“God entered from Teman and the Holy One from Mount Paran—Selah!
His majesty covers the heavens and his praise fills the earth.”
From here on out, there is a shift of focus from God’s coming judgment on Israel to God’s judgment on the Babylonians for coming to destroy Israel. Teman and Paran are both areas that are part of the territory ruled by the Edomites (the descendents of Esau). The language of God “entering from” this area is not so much language meant to suggest that God is not with his people, but instead meant to depict the God of Glory who knows no national boundaries executing judgment on his enemies even as he moves to redeem his people. It is worth noting that while the Edomites were not the invading force that overthrew Judah and their capitol city, Jerusalem, they did assist the Babylonians by helping to round up the Israelites that sought to escape from the region. For this action, God uses the harshest language of judgment. Thus, God judges without, but also brings strict discipline upon his people within the covenant.
Mid verse (not at the end like some of our translations render it) there is a “Selah,” a liturgical term of which no one really knows the meaning. Some have suggested that it is related to the term ll;s’ (salal), which means “to raise up,” suggesting that it is an instruction to singers to raise their voices at this section of music. Others suggest that it is derived from the verb hl;s’ (salah), which means “to discard” or “to throw away,” suggesting this is where voices were to drop off. Simply speaking, we just do not know, though the context of this passage at least would suggest a crescendo, not a decrescendo.
Either way, Habakkuk moves from the focus on geography to the God who transcends Geography and enters into a wonderful description of God on high in this and the following verses. To begin with, Habakkuk speaks of God’s majesty covering the heavens. The word that Habakkuk uses here is dAh (hod), which speaks of the power, the splendor, or the majesty of God. It is similar in use to the word dAbK’ (kavod), which means “weighty” and is used to speak of God’s glory. The bottom line is that God’s majesty, his glory, his honor, his splendor, his wonder, etc…—all of these attributes—are too big and glorious for the world to contain. Like a weighty blanket, God’s glory is spread across the earth.
And, as a result of God’s majesty spread across the earth, the earth resounds with God’s praise. The word employed here is hL’hiT. (tehillah), which typically speaks of songs of praise. This is worth noting initially because the Hebrew language contains numerous words to describe the praise of God’s people as they enter into his presence. The second reason to point this out is because in the Hebrew culture, singing was a very important part of life and worship and I wonder sometimes whether we have lost some of that in our modern culture—the idea of singing God’s praises both inside and outside of the sanctuary—singing God’s praises even as a form of our outward testimony of God’s grace. And when I am speaking, I don’t so much have in mind the professionals, but the average person like you or me—do the events of God’s grace and splendor all around us in life move us to sing his praises as we go through life? They do for Habakkuk as you will see at the end of this chapter.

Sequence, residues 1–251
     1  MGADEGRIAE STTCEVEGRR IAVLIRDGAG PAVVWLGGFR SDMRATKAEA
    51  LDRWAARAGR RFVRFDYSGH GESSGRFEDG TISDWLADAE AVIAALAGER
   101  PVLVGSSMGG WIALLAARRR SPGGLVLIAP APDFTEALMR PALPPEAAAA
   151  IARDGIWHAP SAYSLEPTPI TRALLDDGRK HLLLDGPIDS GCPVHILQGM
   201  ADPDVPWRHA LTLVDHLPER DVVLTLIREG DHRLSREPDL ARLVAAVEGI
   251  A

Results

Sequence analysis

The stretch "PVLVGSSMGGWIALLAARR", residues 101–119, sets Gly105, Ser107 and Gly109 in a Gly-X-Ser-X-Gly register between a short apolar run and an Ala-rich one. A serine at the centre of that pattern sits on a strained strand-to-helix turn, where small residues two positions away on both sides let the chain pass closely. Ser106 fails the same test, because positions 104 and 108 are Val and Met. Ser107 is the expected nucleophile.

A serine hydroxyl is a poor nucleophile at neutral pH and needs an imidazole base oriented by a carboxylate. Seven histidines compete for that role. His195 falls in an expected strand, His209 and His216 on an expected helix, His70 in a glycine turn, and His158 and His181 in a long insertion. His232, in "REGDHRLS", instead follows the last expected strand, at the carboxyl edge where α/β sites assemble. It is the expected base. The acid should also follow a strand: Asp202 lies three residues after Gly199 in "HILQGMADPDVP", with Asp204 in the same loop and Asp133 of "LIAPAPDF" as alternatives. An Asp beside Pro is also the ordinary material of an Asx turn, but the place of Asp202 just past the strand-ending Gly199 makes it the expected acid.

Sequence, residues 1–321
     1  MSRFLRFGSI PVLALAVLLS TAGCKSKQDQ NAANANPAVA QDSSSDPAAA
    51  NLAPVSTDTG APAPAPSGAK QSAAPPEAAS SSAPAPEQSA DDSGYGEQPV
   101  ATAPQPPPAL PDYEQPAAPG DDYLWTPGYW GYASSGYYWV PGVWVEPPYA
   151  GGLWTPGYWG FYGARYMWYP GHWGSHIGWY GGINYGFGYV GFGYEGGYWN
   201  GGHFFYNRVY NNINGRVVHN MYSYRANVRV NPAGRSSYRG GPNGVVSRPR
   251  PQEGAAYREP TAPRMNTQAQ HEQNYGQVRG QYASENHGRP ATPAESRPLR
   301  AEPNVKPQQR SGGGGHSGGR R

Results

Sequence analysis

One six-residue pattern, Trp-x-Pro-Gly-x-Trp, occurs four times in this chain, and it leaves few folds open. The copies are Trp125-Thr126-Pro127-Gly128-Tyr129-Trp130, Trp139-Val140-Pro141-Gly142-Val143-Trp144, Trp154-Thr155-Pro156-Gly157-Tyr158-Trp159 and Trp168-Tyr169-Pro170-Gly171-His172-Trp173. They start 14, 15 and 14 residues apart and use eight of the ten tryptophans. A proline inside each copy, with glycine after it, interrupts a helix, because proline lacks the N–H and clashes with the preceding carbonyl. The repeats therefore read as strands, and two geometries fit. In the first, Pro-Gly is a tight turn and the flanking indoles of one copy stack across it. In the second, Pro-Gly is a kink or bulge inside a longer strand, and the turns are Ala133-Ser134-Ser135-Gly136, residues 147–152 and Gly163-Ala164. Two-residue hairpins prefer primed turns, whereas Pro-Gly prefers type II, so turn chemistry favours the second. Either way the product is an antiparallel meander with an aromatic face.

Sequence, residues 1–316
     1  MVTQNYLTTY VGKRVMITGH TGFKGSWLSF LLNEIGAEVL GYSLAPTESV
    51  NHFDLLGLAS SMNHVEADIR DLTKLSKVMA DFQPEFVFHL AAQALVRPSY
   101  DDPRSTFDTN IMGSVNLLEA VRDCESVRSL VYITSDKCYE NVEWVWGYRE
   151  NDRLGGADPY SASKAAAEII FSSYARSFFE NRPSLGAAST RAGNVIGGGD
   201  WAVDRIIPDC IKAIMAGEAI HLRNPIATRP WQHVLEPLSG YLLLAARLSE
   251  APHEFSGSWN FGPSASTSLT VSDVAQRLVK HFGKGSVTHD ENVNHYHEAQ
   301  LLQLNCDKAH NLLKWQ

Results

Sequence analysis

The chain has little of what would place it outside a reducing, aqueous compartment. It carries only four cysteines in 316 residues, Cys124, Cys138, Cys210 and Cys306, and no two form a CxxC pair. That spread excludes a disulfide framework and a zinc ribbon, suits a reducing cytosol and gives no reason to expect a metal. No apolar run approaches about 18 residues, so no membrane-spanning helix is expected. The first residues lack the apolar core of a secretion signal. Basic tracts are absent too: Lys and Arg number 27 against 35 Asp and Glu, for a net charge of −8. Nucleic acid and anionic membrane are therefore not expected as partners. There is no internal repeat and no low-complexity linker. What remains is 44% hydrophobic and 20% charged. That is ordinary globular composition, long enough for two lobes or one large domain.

The final reason that this language of praise needs to be pointed out is that the earth is described as being filled with God’s praises. Indeed, in the heavenly presentation of worship, all of creation sings its praises to God (Revelation 5:13) and if mankind does not sing, nature will take his place (Luke 19:40). Part of the Dominion Mandate (Genesis 1:28-30) is to do just what Habakkuk is talking about—fill the earth with praise. We are to take the Gospel of Jesus Christ to the nations (Matthew 28:19-20) and make disciples so that the earth will be filled with the praises of God. The question we must always be asking ourselves is what are we doing to fulfill that mandate? Are we going to the ends of the world ourselves? Are we sharing the gospel with our neighbors so that our communities will be filled with the praises of God? Are we equipping others to fulfill this mandate? Are our churches doing the same? Beloved, this is our call—to fill the earth with the praises of those who love our Great and Majestic King, Jesus Christ.
We’ve a story to tell to the nations,
That shall turn their hearts to the right;
A story of truth and mercy,
A story of peace and light,
A story of peace and light.
For the darkness shall turn to dawning,
And the dawning to noon-day bright;
For Christ’s great kingdom shall come to the earth,
The kingdom of love and light.